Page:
Yes, it’s awesome. Yes, it’s a rare victory for the power of love over the smell of money. Yes, Doug McDermott transforms Creighton from an unknown in the new Big East to a contender, just like that.
But now that the smoke has had some time to clear, now that the applause has finally died down, you know what makes his dad the happiest?
Peace of mind.
No second thoughts, no pangs, no laments. Dougie Fresh, the biggest man on a very small Omaha campus, walks with a bounce in his step again.
“I feel better now than I did on the day he made the decision,” McDermott’s father, Greg, the Bluejays’ coach, tells FOX Sports Kansas City. “Simply because he’s had no regrets.
“A weight has been lifted off his shoulders and he really feels like he made the decision that is best for him. As a father and a coach, that’s all I can ask for.”
The deadline for underclassmen to enter the NBA Draft came and went on April 28. Doug, who averaged 23.2 points last winter and 22.7 points the winter prior, had made up his mind a few days earlier that — in something of an upset — he would remain in school.
The reasons proved equal parts valid and admirable: There was a senior season to play, a wicked new league to navigate, and unfinished business dangling like a giant carrot. The 6-foot-8 forward’s already got two Missouri Valley Conference Player Of The Year awards, two MVC tournament championships, and a regular-season Valley title at the top of his LinkedIn profile. He’s dropped 30 points on Wisconsin, 34 on California, 27 on Cincinnati and 41 on Wichita State. Shockers coach Gregg Marshall, who has no filter when it comes to saying what he really thinks, has likened the younger McDermott to Larry Bird.
But Bird never got to play in the Big East. That was a perk. So was the chance to carry a team past the third round of the NCAA Tournament, one of the few tricks Dougie has yet to pull off while dancing in CU blue.
“It answers a few questions, certainly,” the elder McDermott says of his Jays squad, which already will be without departing senior guard Grant Gibbs and senior center Gregory Echenique next fall. “We had questions, going into a new league, where you fit.”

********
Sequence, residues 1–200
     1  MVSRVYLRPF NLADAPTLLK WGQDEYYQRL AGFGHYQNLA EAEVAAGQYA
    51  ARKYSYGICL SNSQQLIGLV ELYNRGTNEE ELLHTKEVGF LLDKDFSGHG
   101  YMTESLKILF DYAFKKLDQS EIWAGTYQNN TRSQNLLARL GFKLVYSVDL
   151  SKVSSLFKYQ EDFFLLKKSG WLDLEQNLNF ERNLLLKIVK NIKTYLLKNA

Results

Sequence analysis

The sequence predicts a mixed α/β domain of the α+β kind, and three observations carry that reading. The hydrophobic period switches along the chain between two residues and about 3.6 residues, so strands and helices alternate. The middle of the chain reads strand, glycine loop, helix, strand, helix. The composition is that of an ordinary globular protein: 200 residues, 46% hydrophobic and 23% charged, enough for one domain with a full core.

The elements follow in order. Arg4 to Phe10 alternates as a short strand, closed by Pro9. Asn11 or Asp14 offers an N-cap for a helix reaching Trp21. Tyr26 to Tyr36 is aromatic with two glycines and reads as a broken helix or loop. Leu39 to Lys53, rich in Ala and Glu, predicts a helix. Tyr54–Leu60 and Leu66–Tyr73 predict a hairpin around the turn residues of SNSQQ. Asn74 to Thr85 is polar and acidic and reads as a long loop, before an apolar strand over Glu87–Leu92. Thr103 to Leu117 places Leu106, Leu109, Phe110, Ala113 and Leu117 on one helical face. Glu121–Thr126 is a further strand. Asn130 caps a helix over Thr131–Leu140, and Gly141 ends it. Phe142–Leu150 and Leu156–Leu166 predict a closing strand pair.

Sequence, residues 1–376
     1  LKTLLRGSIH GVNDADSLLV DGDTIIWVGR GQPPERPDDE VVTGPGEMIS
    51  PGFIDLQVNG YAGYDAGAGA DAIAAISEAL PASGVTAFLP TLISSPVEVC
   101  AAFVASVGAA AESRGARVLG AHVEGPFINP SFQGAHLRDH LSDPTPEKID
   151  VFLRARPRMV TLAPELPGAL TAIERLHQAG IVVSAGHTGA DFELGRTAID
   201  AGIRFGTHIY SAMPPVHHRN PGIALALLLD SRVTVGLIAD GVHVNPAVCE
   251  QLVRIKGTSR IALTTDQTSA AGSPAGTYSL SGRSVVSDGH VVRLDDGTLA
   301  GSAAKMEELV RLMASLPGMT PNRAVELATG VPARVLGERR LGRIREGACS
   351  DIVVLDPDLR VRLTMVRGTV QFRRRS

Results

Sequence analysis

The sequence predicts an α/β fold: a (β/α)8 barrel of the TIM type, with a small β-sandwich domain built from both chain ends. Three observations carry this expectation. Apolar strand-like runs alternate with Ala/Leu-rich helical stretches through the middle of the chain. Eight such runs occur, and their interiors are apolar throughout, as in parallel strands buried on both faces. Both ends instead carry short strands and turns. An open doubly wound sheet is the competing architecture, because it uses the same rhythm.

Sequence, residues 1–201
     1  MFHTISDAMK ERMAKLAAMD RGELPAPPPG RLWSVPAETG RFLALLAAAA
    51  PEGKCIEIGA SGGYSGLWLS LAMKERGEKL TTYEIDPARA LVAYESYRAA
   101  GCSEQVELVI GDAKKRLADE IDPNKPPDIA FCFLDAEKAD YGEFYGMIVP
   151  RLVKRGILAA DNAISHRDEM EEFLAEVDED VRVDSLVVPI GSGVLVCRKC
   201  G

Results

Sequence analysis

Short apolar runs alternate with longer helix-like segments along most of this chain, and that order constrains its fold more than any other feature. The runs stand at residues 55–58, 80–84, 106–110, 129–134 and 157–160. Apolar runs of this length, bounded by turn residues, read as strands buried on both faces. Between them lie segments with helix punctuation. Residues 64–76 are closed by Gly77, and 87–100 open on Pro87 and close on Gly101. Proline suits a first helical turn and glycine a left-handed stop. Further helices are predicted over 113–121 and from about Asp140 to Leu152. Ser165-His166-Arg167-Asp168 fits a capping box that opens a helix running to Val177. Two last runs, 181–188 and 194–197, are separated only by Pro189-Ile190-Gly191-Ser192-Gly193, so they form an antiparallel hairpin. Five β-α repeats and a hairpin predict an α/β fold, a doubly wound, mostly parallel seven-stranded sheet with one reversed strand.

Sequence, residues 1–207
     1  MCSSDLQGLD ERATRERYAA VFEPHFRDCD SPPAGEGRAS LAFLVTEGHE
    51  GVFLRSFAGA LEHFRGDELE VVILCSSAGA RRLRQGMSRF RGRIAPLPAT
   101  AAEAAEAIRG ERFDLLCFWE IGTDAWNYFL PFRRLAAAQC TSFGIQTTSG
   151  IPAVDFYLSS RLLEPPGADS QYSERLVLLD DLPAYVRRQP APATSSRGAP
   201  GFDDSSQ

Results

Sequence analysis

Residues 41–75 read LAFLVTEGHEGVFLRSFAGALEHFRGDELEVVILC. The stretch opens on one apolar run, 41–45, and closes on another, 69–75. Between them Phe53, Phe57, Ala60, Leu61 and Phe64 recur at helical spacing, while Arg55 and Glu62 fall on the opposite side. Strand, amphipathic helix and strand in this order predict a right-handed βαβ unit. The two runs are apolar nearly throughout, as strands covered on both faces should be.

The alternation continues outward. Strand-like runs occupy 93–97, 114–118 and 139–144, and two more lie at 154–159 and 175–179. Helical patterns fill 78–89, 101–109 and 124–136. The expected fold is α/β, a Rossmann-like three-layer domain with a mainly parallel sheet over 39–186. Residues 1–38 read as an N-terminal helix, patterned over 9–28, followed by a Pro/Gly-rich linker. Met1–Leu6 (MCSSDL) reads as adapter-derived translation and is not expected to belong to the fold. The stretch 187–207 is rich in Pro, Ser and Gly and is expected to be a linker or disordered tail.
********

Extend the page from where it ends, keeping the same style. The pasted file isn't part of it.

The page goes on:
Now they have expectations, same as always. Which, come to think of it, beats the snot out of the alternative.
“You’ve got nine new scouting reports to do, to give yourself a plan in order to give yourself a chance to (win),” the coach continues. “And having those 23 points per game in the lineup solves some problems with that.”
Several, in fact. Creighton hits the Big East with Dougie Fresh, a big ol’ mess of role players — stretch ‘4’ Ethan Wragge, point guard Austin Chatman — mixed with a promising unknowns, which will be challenging enough.
Now imagine rolling into Georgetown or Marquette armed with ONLY a big ol’ mess of role players mixed with promising unknowns. As a coach, Greg McDermott is a lot of things. But he ain’t dumb.
“You’d have a difficult time replacing what Doug did with one person,” Papa McDermott admits.
“I certainly think we have some experience and some guys that have paid their dues that are capable of elevating their play. But when you have someone like Doug that is scoring the ball the way he does, it creates problems for opposing defenses and opens things up on the floor for the other guys to have success.”
And it’s a potential financial risk, sure, but one everybody in the McDermott camp is willing to accept. Besides, can you put a price on sharing those road trips to Philly and D.C., a price on sharing center stage together at Madison Square Garden? Just to be safe, they’ll look into an insurance policy, just as they did a year ago, although “those things don’t cover nearly as much as you think they do,” the coach notes.
“Like the accident the kid at Louisville (Kevin Ware) had (in the NCAA Tournament), that accident would not be covered. You have to not be able to play basketball again … it’s not quite as cut and as dry as you would think.”
Nor, to be frank, is Dougie’s NBA dossier. While many scouts projected McDermott as a late first-rounder if he’d taken the pro plunge, crafty enough to snatch a guaranteed contract, there were others who saw flaws that could be exposed at the next level — defense, dribbling, athleticism, brute strength chief among them. Plus …
“I think he really enjoys being a college kid,” the elder McDermott allows. “I also think that he feels like, when it’s time to be ready to go to the NBA, you better be 100 percent ready. You better have your game ready, and you better have your mind ready.”
Dougie’s game was ready. Dougie’s mind was ready. Dougie’s heart was not. There was truly no wrong choice, but the Iowa native was the one who had to live with it, the one who had to be able to sleep at night.
“It’s something else off the plate,” Greg says. “That was a pretty big piece.”
Big No. 3 rests easier now. Dad does, too, for obvious reasons.
You can follow Sean Keeler on Twitter @seankeeler or email him at email@example.com